22

I would like to check where a single URL redirects. An example of that could be a link from Google's search result page (where a click always goes through Google server).

Can I do that with curl?

16

Try this:

$ LOCATION=`curl -I http://raspberrypi.stackexchange.com/a/1521/86 | perl -n -e '/^Location: (.*)$/ && print "$1\n"'`
$ echo "$LOCATION"
/questions/1508/how-do-i-access-the-distributions-name-on-the-command-line/1521#1521

Google Redirects

Google redirect URLs are slightly different. They return a Javascript redirect, which could easily be processed, but why not process the original URL and for go curl all together?

$ URL="http://www.google.com/url?sa=t&rct=j&q=&esrc=s&source=web&cd=1&ved=0CFAQFjAA&url=http%3A%2F%2Fwww.raspberrypi.org%2F&ei=rv8oUODIIMvKswa4xoHQAg&usg=AFQjCNEBMoebclm0Gk0LCZIStJbF04U1cQ"
$ LOCATION=`echo "$URL" | perl -n -e '/url=([a-zA-Z0-9%\.]*)/ && print "$1\n"'`
$ echo "$LOCATION"
http%3A%2F%2Fwww.raspberrypi.org%2F
$ echo "$LOCATION" | perl -pe 's/%([0-9a-f]{2})/sprintf("%s", pack("H2",$1))/eig'
http://www.raspberrypi.org/

Reference

  1. For url decode...
  • How about special URLs with special characters (like Google's redirects), e.g.: google.com/… – syntagma Aug 13 '12 at 13:24
  • @REACHUS The redirect is encoded into the query string of the URL given. – Alex Chamberlain Aug 13 '12 at 13:28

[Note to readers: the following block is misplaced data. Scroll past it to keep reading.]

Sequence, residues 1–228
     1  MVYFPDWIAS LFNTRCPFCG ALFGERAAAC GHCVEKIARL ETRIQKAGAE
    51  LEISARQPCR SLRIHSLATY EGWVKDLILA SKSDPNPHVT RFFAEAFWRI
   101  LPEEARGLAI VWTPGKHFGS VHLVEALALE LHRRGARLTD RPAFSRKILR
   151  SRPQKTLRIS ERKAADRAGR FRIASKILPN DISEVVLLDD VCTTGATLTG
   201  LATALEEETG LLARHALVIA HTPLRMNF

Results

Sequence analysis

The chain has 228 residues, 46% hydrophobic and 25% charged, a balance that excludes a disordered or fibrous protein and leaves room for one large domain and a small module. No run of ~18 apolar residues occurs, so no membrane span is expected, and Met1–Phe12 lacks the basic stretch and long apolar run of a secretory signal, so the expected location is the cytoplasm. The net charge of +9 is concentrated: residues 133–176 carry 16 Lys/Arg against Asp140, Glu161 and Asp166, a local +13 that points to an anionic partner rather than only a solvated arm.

• @REACHUS No worries - you can probably combine the 2 perl statements. – Alex Chamberlain Aug 13 '12 at 14:12
19

There is an even easier way

curl -w "%{url_effective}\n" -I -L -s -S $URL -o /dev/null

it would print

http://raspberrypi.stackexchange.com/questions/1508/how-do-i-access-the-distributions-name-on-the-command-line/1521

for URL

http://raspberrypi.stackexchange.com/a/1521/86
  • 3
    That uses more time and bandwidth though, since you're downloading the second page as well. – unhammer May 6 '15 at 12:30
  • 1
    @unhammer You are right, updated my answer to do head requests only. – ismail Aug 7 '15 at 8:11
5

curl can be configured to follow redirects and to print variables after completion. So what you ask can be achieved with the following command:

curl -Ls -w %{url_effective} -o /dev/null https://google.com

The man page explains the necessary parameters like that:

-L, --location          Follow redirects (H)
-s, --silent            Silent mode (don't output anything)
-w, --write-out FORMAT  Use output FORMAT after completion
-o, --output FILE       Write to FILE instead of stdout
4

or try this

curl -s -o /dev/null -I -w "HTTP_CODE: %{http_code}\nREDIRECT_URL: %{redirect_url}\n" http://raspberrypi.stackexchange.com/a/1521/86
  • How about special URLs with special characters (like Google's redirects), e.g.: google.com/… – syntagma Aug 13 '12 at 13:25
  • just put the url in single quotes, so that your shell ignores the special characters in the link. But the link you have stated does not redirect to another uri, the status code of the response is 200 and not 3xx. The uri you look for is hidden in the uri itself respectively in the content of the response. For further examination you can study the header of the response with curl -s -I 'http://yoururl' and the content of the response with curl -s 'http://yoururl' (you will see that google use a simple javascript for the redirection). – user1146332 Aug 13 '12 at 14:30
0

The parameters -L (--location) and -I (--head) still doing unnecessary HEAD-request to the location-url.

If you are sure that you will have no more than one redirect, it is better to disable follow location and use a curl-variable %{redirect_url}.

This code do only one HEAD-request to the specified URL and takes redirect_url from location-header:

curl --head --silent --write-out "%{redirect_url}\n" --output /dev/null "https://goo.gl/QeJeQ4"

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